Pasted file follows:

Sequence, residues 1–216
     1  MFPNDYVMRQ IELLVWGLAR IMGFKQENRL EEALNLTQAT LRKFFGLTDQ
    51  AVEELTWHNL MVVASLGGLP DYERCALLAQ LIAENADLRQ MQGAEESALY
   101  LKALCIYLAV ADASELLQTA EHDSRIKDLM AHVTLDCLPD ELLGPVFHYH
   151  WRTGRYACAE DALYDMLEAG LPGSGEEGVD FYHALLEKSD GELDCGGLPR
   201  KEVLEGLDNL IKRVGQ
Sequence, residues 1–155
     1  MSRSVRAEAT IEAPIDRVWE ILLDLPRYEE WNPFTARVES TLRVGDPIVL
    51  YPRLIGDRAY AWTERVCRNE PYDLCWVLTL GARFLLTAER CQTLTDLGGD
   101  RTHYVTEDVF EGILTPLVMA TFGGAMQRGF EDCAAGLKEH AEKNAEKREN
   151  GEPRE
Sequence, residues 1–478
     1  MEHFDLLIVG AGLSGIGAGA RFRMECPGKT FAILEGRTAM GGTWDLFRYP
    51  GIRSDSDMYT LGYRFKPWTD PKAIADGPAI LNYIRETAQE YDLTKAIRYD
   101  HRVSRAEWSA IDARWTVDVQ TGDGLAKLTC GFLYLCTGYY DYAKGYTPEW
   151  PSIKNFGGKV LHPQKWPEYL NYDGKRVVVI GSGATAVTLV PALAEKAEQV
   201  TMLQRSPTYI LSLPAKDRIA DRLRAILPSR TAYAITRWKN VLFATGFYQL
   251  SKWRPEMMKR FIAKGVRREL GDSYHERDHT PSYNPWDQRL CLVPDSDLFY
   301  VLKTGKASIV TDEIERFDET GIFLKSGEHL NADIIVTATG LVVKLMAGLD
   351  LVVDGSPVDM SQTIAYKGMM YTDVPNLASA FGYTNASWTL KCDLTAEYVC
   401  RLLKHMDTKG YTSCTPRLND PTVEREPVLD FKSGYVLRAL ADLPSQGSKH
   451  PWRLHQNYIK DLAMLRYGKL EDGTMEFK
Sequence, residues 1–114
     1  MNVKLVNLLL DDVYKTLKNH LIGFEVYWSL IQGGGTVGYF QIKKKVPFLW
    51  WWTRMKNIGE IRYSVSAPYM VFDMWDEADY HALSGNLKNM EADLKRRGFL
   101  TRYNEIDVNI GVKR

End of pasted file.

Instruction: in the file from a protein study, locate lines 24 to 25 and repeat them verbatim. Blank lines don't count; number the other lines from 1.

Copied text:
     1  MNVKLVNLLL DDVYKTLKNH LIGFEVYWSL IQGGGTVGYF QIKKKVPFLW
    51  WWTRMKNIGE IRYSVSAPYM VFDMWDEADY HALSGNLKNM EADLKRRGFL